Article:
Lilongwe University graduates 1 670 amidst concerns of jobs scarcity

Lilongwe University of Agriculture and Natural Resources (Luanar) on Thursday graduated 1 670 students in their various fields of study with a concern that Malawi’s shrunken job market would not absorb them.

Luanar graduates 1,670 amidst concerns of jobs scarcity

Four of the graduating students were awarded with doctorate degrees, 25 got masters degrees and the rest received first degrees, diplomas and certificates.

This was the third congregation and 6th graduation for Luanar, which was delinked from the University of Malawi (Unima) six years ago as Bunda College of Agriculture to become a stand-alone university  merging with Natural Resources College (NRC), whose campus was where the congregation was held. 

Luanar Vice-chancellor Professor George Kanyama Phiri said the university is making significant contribution to capacity building in various fields of agriculture and natural resources.

“This means Luanar, as an institution of higher learning, is becoming increasingly relevant to the society,” he told the cheerful congregation.

Professor Kanyama Phiri urged the graduands to make meaningful contribution to the building of the Malawi nation through what he described as good professional conduct.

“I ask you to carry the Luanar flag wherever you go, act responsibly and represent the institution in a mature and responsible manner,” he advised.

Kanyama Phiri disclosed that the number of students being admitted into Luanar has risen to 1,000 per year and currently, there are about 10,000 students at Luanar’s Bunda and NRC campuses and the number includes those that are doing Open and Distance learning (ODL). 

With the 1,673 students having completed their studies this year, the biggest worry for Professor Kanyama Phiri and the Chairman of the Council for Luanar, Professor James Seyani, is whether these graduands will find jobs.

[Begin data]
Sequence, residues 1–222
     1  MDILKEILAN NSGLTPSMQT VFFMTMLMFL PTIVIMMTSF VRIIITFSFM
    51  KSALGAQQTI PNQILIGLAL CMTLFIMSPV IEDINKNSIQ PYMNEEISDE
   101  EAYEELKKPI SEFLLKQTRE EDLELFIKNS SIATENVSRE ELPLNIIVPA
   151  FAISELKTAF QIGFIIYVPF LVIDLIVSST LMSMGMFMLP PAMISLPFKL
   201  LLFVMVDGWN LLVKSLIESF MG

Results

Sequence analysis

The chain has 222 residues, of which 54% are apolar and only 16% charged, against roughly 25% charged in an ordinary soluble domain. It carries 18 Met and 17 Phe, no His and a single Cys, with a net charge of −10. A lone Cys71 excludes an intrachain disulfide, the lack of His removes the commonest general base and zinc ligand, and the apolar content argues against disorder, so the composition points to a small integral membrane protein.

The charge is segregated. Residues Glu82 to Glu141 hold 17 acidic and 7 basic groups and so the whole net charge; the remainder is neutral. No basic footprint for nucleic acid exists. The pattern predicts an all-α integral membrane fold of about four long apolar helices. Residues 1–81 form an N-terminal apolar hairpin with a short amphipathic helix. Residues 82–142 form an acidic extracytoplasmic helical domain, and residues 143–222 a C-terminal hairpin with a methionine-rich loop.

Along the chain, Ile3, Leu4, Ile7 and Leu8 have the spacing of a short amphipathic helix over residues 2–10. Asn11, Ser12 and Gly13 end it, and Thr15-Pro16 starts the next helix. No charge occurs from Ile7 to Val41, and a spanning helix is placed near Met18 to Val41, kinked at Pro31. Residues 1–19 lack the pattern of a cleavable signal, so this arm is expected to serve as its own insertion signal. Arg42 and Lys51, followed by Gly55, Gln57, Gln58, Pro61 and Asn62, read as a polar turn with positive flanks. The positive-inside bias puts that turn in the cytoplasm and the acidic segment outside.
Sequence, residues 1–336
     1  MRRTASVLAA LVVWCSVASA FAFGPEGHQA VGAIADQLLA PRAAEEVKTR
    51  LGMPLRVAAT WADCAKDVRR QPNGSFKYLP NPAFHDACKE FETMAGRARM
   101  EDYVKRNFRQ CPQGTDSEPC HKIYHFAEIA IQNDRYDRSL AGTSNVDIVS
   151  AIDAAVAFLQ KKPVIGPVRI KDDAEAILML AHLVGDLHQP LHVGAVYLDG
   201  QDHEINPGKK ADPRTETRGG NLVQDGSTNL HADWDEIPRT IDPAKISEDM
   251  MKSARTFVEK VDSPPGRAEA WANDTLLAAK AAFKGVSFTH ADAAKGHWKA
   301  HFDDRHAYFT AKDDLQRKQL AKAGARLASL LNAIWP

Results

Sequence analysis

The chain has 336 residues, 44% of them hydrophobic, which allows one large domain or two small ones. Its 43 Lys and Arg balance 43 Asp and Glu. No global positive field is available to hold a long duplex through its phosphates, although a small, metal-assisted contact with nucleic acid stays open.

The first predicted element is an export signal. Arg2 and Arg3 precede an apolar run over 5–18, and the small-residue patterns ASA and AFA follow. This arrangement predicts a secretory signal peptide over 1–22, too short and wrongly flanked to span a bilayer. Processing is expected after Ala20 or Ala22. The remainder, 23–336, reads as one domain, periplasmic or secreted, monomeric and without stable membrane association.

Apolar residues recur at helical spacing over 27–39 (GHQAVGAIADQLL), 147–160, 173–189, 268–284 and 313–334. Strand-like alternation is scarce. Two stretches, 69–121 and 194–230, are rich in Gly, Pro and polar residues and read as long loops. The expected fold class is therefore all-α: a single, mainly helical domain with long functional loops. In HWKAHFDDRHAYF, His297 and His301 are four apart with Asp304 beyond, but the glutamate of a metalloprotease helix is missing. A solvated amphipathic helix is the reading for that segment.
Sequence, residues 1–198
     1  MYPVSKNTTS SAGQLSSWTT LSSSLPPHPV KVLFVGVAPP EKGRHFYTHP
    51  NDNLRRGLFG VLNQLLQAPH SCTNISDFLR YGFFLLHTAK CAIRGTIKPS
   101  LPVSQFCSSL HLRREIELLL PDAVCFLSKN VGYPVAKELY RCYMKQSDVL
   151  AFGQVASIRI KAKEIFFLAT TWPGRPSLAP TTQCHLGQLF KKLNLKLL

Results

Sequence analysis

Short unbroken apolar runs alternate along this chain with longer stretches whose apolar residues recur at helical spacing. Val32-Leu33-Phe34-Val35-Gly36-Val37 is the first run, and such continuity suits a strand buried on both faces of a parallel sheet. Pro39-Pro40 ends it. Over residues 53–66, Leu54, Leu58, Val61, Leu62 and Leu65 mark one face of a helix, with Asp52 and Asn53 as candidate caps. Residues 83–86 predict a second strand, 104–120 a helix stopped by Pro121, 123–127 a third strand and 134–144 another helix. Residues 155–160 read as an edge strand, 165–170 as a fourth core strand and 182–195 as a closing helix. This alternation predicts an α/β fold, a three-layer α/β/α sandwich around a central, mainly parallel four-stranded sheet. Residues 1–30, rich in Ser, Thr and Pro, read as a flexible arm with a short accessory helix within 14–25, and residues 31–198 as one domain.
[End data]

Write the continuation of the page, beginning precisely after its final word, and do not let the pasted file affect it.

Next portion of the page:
Malawi is flooded with town monger graduates because of lack of employment opportunities.

However, professor Seyani was optimistic that most of these graduates will excel, emphasizing that they are the highly qualified personnel who will contribute to the production of agriculture in Malawi. 

“Innovation and entrepreneurship are what we largely expect out of these graduates. Most of them should be able to start their own companies because we taught them how to go about nursing and incubating new enterprises,” Professor Seyani said.

Arnold Makhwila, who has been awarded with a Bachelor of Science in Agronomy, concurred with Professor Seyani, saying he would use the skills he has gained to start his own company.

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Mugina
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Mugina

There can never be an oversupply if educated people. We need more graduates in all spheres of life. Well done LUANAR!

Tiko
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Tiko

The comments preceding this one agrees with the professor that getting employed in Malawi is not easy. The rest is what the professor has already said!

Nameless
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Nameless

People get educated to be learned not to get a job.May everyone be educated

Ndaonavino
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Ndaonavino

Its very unfortunate that even the vice chancellor is mentally challenged, how can you be worried with job market for your graduates? you mean you were preparing them to be employed? cant these graduates become employer by venturing into agri-business and become employer themselves. Revise your syllabus mr professor.

Jason
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Jason

Inu a ndaona munapita sukulu yache iti? Community college basi muzilemba zopusazi? Tamangodyani zimphonongolo zanuzo

Kalulu Wadwala
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Kalulu Wadwala

Congratulations! Jobs are coming and you know which party to vote for. Don’t make a mistake of voting for parties that have no welfare of malawians but kusolora.
You are the best brains. Make Malawi rise again.

Poor mentality
Guest
Poor mentality

Prof. Kanyama while job opportunities are dwindling please reviewing your curriculum so that you develop interprenuatioship skills. These graduates should not only depend on government to employ them rather the should be taught how to self employ and employ others